Day 9: Family Business

My cousin Nora and I are born 5 days apart.  We grew up blocks away from each other, went to the same elementary school, high school and college and we celebrate our birthdays together every year.  In short, she’s my best friend. She knows everything about me and we have continued to grow together throughout our separate journeys through life. When I graduated from USF, I couldn’t make it work in the city.  I wanted to stay but the bills piled up and eventually I had to move back to Orange County.  Nora made it work though.  She busted her ass working multiple jobs because she knew San Francisco was where she wanted to be, where she belonged.  Our two paths finally split away from each other after they had been parallel for years and it was hard for me to deal with.  I missed her and our talks and it felt like she was light years away instead of only a couple hundred miles.

When I decided I was going to go on this trip, I knew I wanted to spend as much time with Nora as possible. Seeing her made me feel so happy and everything fell back exactly as it was.  I ended up staying with her two nights and each one we stayed up well into the early morning.  We talked about everything.  We got through the last five years of our lives going through every detail: happy or sad; we laughed about dumb movies we’d seen and crazy music we were listening to and we laughed really hard and very often.  She even brought out some old pictures that I hadn’t seen in a decade.

circa ’07 on our USF visit with Grammy aka the “No Parents Allowed” trip

As I left for my trip, I felt down about my relationships with everyone in my life.  I felt alone and forgotten.  Through camping and meditating, I started to realize that I was trapping myself in my own mind rather than letting it run free.  That kind of thinking was helpful but it wasn’t the only thing that got me out of my rut.  Seeing Nora did more for me on that trip than anything else could have.  It made me realize that I do in fact matter, that people do care about me and what happens in my life.  Not to say that my parents didn’t show me that love but I was pushing them away and subconsciously isolating myself.  That’s what I begun to realize hanging with Nora.  We all need family to bring us back to our base form, the “Seanest Sean.”  I told her about my new motto I wanted to follow: “just be you.”  Together, we realized that it isn’t just about being your own specific archetype or model, it’s about being you in everything you do and not sacrificing your true self for anything.  That means you can be pliable and change what you do and how you feel but you can’t lose sight of who you really are deep down.  So Nora, thank you for allowing me to see that isolation and loneliness are a choice and that if I want to be the man I always knew I could be, all I have to do is dig deep and find that “Seanest Sean.”  Just be you.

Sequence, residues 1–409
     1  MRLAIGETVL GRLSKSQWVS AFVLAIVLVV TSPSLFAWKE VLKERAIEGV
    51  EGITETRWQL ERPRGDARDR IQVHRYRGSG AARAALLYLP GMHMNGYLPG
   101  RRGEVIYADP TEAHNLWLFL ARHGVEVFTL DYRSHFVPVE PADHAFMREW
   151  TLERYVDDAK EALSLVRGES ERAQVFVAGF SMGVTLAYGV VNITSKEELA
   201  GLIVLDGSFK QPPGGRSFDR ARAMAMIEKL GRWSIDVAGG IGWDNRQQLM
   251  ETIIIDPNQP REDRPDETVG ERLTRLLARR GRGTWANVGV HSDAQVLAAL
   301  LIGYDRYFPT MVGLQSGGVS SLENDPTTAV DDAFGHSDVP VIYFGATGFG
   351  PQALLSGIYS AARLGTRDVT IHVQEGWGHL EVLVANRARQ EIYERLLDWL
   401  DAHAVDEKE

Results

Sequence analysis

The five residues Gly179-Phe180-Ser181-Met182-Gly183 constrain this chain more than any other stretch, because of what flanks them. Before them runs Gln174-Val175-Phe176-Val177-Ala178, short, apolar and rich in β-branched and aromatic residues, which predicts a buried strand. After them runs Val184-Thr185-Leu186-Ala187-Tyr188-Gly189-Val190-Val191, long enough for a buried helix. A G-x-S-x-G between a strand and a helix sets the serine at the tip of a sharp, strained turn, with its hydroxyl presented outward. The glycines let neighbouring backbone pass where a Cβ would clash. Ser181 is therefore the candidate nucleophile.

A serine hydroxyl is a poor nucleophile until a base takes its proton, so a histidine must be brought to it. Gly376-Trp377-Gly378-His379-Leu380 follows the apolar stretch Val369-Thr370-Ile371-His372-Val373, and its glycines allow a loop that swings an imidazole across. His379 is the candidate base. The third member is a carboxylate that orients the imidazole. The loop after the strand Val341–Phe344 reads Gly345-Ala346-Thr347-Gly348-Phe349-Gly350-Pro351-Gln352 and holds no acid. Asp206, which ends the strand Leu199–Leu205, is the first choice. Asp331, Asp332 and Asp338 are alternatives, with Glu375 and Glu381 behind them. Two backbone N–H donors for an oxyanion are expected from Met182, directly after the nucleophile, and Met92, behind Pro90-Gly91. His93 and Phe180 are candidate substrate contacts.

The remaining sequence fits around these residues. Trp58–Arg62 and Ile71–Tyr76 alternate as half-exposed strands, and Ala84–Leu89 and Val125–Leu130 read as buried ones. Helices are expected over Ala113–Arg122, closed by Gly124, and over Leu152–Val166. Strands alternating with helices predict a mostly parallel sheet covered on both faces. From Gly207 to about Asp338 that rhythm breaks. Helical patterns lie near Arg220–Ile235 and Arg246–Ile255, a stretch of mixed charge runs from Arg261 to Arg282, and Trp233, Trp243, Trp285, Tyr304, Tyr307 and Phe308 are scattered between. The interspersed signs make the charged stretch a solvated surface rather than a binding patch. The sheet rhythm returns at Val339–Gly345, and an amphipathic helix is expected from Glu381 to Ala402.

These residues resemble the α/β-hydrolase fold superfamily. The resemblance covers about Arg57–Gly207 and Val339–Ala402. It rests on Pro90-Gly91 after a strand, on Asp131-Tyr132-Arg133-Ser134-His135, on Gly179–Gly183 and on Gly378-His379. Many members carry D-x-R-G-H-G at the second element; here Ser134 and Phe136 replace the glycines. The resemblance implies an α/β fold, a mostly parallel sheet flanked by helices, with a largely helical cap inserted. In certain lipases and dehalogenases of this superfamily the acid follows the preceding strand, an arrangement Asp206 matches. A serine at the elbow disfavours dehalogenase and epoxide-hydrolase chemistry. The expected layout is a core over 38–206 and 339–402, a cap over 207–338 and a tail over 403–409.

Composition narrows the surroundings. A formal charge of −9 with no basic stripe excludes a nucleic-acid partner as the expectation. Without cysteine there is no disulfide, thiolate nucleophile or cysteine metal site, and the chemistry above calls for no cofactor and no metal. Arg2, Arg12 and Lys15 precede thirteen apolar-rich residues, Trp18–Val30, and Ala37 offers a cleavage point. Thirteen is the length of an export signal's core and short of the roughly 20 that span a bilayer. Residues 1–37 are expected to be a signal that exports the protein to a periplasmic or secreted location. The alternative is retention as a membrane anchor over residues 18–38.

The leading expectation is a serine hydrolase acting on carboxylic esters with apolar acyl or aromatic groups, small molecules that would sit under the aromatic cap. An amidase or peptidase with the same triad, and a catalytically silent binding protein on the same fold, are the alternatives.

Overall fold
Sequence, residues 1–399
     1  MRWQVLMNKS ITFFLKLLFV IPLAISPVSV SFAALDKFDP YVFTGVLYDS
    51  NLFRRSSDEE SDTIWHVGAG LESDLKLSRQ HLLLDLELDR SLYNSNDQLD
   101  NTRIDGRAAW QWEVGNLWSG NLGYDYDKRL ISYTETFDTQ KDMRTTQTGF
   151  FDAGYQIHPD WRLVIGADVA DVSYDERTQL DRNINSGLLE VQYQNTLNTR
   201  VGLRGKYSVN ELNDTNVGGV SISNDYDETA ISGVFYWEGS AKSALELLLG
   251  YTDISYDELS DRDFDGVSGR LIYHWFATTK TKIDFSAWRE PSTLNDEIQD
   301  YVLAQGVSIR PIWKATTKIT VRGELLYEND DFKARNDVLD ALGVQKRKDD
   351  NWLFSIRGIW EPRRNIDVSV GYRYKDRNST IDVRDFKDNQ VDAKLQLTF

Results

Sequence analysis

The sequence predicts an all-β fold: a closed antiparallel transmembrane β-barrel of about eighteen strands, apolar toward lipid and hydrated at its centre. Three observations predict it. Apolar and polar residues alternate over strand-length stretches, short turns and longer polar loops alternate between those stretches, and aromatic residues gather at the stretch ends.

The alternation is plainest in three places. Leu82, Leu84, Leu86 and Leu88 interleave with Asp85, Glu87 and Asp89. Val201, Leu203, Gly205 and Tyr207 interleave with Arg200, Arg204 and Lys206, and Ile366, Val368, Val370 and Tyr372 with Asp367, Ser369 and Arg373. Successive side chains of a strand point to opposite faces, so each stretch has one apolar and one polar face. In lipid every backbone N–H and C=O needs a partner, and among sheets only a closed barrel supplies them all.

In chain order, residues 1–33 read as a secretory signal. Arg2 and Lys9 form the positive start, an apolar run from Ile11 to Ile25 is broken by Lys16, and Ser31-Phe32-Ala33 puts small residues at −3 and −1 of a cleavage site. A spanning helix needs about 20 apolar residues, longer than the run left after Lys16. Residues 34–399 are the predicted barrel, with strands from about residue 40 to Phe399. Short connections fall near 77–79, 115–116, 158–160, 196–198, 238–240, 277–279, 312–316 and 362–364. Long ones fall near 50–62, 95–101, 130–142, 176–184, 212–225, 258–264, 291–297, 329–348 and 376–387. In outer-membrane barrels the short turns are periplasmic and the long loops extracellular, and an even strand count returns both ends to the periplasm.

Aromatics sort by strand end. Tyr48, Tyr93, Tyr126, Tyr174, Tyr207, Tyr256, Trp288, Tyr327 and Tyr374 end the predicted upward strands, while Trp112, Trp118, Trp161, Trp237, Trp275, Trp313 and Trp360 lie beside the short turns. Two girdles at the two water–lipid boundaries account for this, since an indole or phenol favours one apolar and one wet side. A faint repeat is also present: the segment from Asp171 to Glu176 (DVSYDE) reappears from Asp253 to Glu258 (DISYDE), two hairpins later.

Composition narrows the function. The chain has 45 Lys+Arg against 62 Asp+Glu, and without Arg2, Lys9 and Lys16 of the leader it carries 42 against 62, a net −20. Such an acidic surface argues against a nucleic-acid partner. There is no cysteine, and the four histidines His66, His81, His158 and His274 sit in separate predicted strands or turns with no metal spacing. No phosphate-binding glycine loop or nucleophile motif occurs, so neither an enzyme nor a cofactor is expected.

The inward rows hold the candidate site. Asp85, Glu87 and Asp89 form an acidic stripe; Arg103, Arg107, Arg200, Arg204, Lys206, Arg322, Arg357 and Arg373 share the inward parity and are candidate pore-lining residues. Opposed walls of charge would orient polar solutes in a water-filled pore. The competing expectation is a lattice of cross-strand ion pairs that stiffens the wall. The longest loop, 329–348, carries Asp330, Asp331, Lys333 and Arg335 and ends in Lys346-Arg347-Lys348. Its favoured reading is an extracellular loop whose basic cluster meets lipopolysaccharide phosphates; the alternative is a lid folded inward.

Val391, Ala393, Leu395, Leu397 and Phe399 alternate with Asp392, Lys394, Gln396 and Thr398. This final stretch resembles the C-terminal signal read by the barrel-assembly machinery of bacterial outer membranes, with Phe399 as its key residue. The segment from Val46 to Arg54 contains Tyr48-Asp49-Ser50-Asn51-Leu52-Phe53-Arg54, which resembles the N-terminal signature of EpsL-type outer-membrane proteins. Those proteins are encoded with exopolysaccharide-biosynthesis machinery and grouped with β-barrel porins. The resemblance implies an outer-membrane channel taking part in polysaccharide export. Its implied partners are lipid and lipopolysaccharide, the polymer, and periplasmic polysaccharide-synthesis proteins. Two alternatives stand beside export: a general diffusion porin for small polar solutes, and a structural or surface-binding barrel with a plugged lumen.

Nora and I 10 years later, San Francisco

As stated above, Nora is a hustler.  So during the day, she was working constantly, leaving me to my own devices.  I was still determined to see as much as possible and for the first time, I felt like doing some tourist things in the city.  I walked through Golden Gate Park towards the DeYoung Museum and The Academy of Sciences.  Two places that I had been before, but I felt I never really appreciated them.   

I ended up doing them in two days.  I had forgotten the size of the DeYoung and quickly realized it was gonna take me all day if I really wanted to absorb the entirety of the place.  Instead of describing all the paintings, sculptures and artifacts (I could do a whole blog on that alone) I dropped everything in this nice little slideshow for you…your welcome.

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The museum is arranged in a way where each section has it’s own “vibe” and layout making it seem like you are walking through multiple museums.  My favorite pieces had to be the paintings depicting scenery.  I probably spent a full hour in there just staring at paintings of beaches and forests that were done in such excruciating detail, I couldn’t pull myself away.  The DeYoung is both long as it is tall and on the top floor, you see this:


and if you keep walking around in a circle….



It’s truly a breathtaking view and I think one of the best in the city because it offers such a wide variety of viewpoints.

I left the museum with a huge smile on my face having felt accomplished for seeing the whole thing and happy that I got some souvenirs to make my own personal DeYoung when I got home.

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